Lukashenko's Map Might Have Revealed Russia's Strategy in Ukraine, Moldova

On live television, Belarusian President Alexander Lukashenko may have given away Russia's plans for taking Ukraine, then moving on to seize Moldova.

During a meeting Tuesday between Lukashenko and the Belarusian security council, the Belarusian president, a longtime and close ally of Russian President Vladimir Putin, was seen addressing the council in a clip shared on Twitter by Belarusian journalist Tadeusz Gizcan.

As he speaks, Lukashenko can be seen standing in front of a map that appears to show Ukraine divided into four sectors, in addition to troops and missiles being funneled into the country via Belarus. The map also seemingly depicts troops moving into the nation of Moldova, nestled in Ukraine's southwest corner.

Gizcan said that the display looked "like an actual invasion map" and could possibly represent Russia's plans for post-annexation of Ukraine.

The entirety of the meeting was shown on Belarusian state television.

Lukashenko's television appearance occurred on the same day that the Ukrainian Parliament said Belarusian troops had entered Ukrainian territory. The troops were spotted, Ukrainian officials said, near the nation's northern border with Belarus.

"Belarusian troops have entered Chernihiv region," the parliament said in a translated tweet. "The information was confirmed to the public by Vitaliy Kyrylov, spokesman for the North Territorial Defense Forces. More details later."

Alexander Lukashenko
Belarusian President Alexander Lukashenko may have accidentally revealed Russia's further plans for invasion, on live television, after he was seen standing by a map that appeared to show Russian troop movements in Ukraine and Moldova. Here, Lukashenko can be seen during a speech in Moscow in September 2021. Mikhail Svetlov/Getty

The tweet from Ukraine came just hours after Lukashenko asserted that he did not plan on joining Putin in his invasion, and had no desire to engage Belarusian soldiers in war. Lukashenko had also continued to deny claims that he was allowing Russia to attack Ukraine via Belarusian territory.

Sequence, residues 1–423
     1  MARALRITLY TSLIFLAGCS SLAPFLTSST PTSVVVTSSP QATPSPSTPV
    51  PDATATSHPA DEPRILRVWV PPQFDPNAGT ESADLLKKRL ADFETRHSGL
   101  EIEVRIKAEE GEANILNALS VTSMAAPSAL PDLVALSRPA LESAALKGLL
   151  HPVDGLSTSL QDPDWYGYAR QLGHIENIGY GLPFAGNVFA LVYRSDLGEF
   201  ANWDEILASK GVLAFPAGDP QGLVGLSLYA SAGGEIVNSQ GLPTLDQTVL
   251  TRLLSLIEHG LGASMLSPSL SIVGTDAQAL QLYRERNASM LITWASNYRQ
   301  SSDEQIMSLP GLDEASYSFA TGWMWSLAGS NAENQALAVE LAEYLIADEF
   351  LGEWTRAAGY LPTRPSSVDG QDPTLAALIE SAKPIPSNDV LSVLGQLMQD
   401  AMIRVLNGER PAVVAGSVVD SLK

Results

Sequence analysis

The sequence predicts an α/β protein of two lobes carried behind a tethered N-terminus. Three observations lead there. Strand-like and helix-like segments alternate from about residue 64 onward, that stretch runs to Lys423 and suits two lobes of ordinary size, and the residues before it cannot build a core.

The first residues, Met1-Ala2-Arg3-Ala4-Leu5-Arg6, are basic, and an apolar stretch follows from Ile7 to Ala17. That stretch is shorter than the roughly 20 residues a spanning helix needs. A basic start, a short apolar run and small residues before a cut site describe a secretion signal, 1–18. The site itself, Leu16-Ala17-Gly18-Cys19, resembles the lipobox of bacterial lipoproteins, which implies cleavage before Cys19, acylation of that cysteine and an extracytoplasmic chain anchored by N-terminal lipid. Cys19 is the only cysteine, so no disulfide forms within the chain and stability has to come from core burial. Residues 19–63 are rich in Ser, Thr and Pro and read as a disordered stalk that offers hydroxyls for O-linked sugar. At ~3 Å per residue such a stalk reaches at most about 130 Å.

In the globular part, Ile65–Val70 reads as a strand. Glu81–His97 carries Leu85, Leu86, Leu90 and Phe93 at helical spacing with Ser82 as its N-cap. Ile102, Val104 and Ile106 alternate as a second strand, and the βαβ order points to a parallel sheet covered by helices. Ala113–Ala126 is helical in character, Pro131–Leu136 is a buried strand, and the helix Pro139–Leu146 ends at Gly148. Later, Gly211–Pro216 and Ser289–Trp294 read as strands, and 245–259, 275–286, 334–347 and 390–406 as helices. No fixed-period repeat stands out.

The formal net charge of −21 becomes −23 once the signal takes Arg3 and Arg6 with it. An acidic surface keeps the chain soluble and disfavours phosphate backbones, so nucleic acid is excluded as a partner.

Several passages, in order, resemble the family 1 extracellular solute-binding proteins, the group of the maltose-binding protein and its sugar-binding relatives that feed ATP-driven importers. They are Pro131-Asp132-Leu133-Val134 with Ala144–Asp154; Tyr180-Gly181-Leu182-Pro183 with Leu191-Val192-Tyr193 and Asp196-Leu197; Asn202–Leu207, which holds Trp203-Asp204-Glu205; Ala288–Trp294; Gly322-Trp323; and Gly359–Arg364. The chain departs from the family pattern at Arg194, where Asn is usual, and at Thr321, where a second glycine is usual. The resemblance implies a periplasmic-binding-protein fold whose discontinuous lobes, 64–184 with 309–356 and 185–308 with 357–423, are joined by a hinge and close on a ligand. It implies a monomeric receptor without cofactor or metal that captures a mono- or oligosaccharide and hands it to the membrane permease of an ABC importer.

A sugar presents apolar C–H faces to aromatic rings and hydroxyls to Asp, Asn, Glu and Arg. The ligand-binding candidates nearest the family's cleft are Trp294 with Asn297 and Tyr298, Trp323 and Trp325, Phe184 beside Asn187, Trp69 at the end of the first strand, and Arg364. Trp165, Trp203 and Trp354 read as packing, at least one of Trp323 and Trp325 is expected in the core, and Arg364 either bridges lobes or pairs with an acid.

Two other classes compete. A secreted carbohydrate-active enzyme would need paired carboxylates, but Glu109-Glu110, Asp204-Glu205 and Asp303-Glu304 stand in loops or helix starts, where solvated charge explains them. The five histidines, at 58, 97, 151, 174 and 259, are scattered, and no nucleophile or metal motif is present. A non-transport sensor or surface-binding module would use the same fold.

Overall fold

"No decisions were made by me," Lukashenko said about sending the Belarusian Army into Ukraine. "Without my decision, these units cannot even be withdrawn from the barracks."

Despite this, Ukraine has continued to assert that Belarusian soldiers have crossed into Ukraine. Those reports, though, were walked back by U.S. intelligence officials, who said that there was "no confirmation that the Belarusians are entering Ukraine, we've seen no indication of that."

As the Russian invasion continues, Lukashenko appears to be one of few European leaders who have remained by Putin's side. The two heads of state have often been compared in modern world affairs.

Lukashenko, president of Belarus since 1994, runs an authoritarian state and is often referred to as Europe's last dictator. In a video that emerged in January, the Belarusian president also said during a translated speech: "I'm a dictator, I have a hard time understanding democracy."

Many have claimed that Lukashenko has been able to remain the longest-serving world leader in Europe due to backing from the Kremlin. Politico noted that "Lukashenko has no more wiggle room—he belongs to Putin."

Since 2020, Lukashenko has been embroiled in controversy after he claimed victory in that year's presidential election, despite claims of voter fraud. Lukashenko's assertion led to widespread protests in Belarus, the U.S., the United Kingdom and the majority of Europe, which refused to accept the election results.

Sviatlana Tsikhanouskaya, a human rights activist and Lukashenko's opponent in 2020, was forced to flee Belarus after the election. Following the invasion of Ukraine, Tsikhanouskaya said that she would create a "transitional cabinet" to help restore democracy in Belarus.

Newsweek has reached out to the U.S. Embassy in Belarus for comment.